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Medical researchers evaluate their methodological skills

Published in Journal of Clinical Epidemiology. 2004, vol. 57, no. 12, p. 1323-1329
Abstract BACKGROUND AND OBJECTIVE: Clinical epidemiology and statistics skills of clinical researchers are often limited. We assessed methodological skills of medical researchers and identified factors associated with higher skill levels. METHODS: In a cross-sectional mail survey at two Swiss teaching hospitals, participants (N=409) rated their ability to perform 26 research-related activities, such as identifying the research question, selecting a study design, computing the required sample size, performing data analysis, and reporting results. RESULTS: The proportion of respondents who were able to perform a specific activity was 33.2% on average, ranging from 1.5% for "numerical statistics (bootstrap, simulation, cross-validation,...)" to 76.0% for "oral presentation of results." The overall skill level (expressed as a percentage of the 26 activities) was associated with principal investigator experience (+8.7%), greater percentage of time devoted to research (+12.4% for near full-time versus no time commitment), years of research experience (+17.6% for 15-40 years versus 0 years), past number of clinical research projects (+18.0% for 15-230 projects versus 0-1 projects), and hours of formal methodological training (+32.6% for 200-1200 hours versus 0-9 hours). CONCLUSION: Self-reported methodological skills were generally modest. The most important covariates of skill levels were current time commitment to research, past experience, and formal training.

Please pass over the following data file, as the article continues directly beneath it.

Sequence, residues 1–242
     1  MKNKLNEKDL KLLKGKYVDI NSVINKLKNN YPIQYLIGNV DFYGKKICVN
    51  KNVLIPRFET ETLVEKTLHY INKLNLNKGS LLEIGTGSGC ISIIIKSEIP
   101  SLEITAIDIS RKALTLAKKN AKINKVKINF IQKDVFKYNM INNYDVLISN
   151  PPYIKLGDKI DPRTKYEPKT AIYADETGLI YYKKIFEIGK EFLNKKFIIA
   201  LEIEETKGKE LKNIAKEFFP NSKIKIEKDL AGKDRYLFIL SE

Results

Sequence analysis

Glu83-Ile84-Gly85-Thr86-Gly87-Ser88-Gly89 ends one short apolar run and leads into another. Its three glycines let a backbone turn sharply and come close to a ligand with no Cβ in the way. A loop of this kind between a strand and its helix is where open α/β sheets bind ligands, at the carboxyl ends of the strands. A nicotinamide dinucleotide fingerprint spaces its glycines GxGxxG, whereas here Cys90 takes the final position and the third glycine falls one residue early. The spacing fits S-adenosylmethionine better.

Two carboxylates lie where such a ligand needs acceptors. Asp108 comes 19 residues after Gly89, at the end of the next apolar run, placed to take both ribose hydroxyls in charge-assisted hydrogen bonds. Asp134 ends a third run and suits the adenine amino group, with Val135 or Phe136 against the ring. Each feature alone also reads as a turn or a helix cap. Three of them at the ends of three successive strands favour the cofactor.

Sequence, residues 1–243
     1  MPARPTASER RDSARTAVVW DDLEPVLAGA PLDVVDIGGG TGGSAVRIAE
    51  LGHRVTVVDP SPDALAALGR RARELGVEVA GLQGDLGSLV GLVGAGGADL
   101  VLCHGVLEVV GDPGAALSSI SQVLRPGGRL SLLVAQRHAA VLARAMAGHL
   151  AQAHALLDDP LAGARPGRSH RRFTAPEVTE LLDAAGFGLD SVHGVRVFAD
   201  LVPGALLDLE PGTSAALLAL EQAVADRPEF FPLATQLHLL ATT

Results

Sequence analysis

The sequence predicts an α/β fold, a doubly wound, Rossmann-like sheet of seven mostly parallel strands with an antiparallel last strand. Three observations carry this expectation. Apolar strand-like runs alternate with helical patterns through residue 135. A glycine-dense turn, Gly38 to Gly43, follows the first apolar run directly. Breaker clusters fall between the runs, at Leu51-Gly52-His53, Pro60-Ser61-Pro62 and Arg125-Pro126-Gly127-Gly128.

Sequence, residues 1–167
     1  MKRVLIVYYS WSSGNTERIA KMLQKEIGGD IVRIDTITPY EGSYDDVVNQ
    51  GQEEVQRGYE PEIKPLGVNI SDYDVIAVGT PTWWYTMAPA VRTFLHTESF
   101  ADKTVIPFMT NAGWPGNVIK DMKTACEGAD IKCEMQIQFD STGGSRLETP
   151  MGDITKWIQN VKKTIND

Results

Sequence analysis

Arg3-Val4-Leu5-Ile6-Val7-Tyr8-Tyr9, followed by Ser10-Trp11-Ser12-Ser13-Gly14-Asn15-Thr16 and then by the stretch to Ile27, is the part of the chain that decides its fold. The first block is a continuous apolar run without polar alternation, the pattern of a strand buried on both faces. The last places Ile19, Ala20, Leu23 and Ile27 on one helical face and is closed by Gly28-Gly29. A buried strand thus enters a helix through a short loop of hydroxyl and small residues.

Keywords AdultEpidemiologic MethodsFemaleHumansMaleMedical Staff, HospitalMiddle Aged*Professional Competence*Research PersonnelSelf Assessment (Psychology)
PMID: 15617959
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PERNEGER, Thomas et al. Medical researchers evaluate their methodological skills. In: Journal of Clinical Epidemiology, 2004, vol. 57, n° 12, p. 1323-1329. https://archive-ouverte.unige.ch/unige:28183

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Deposited on : 2013-05-28

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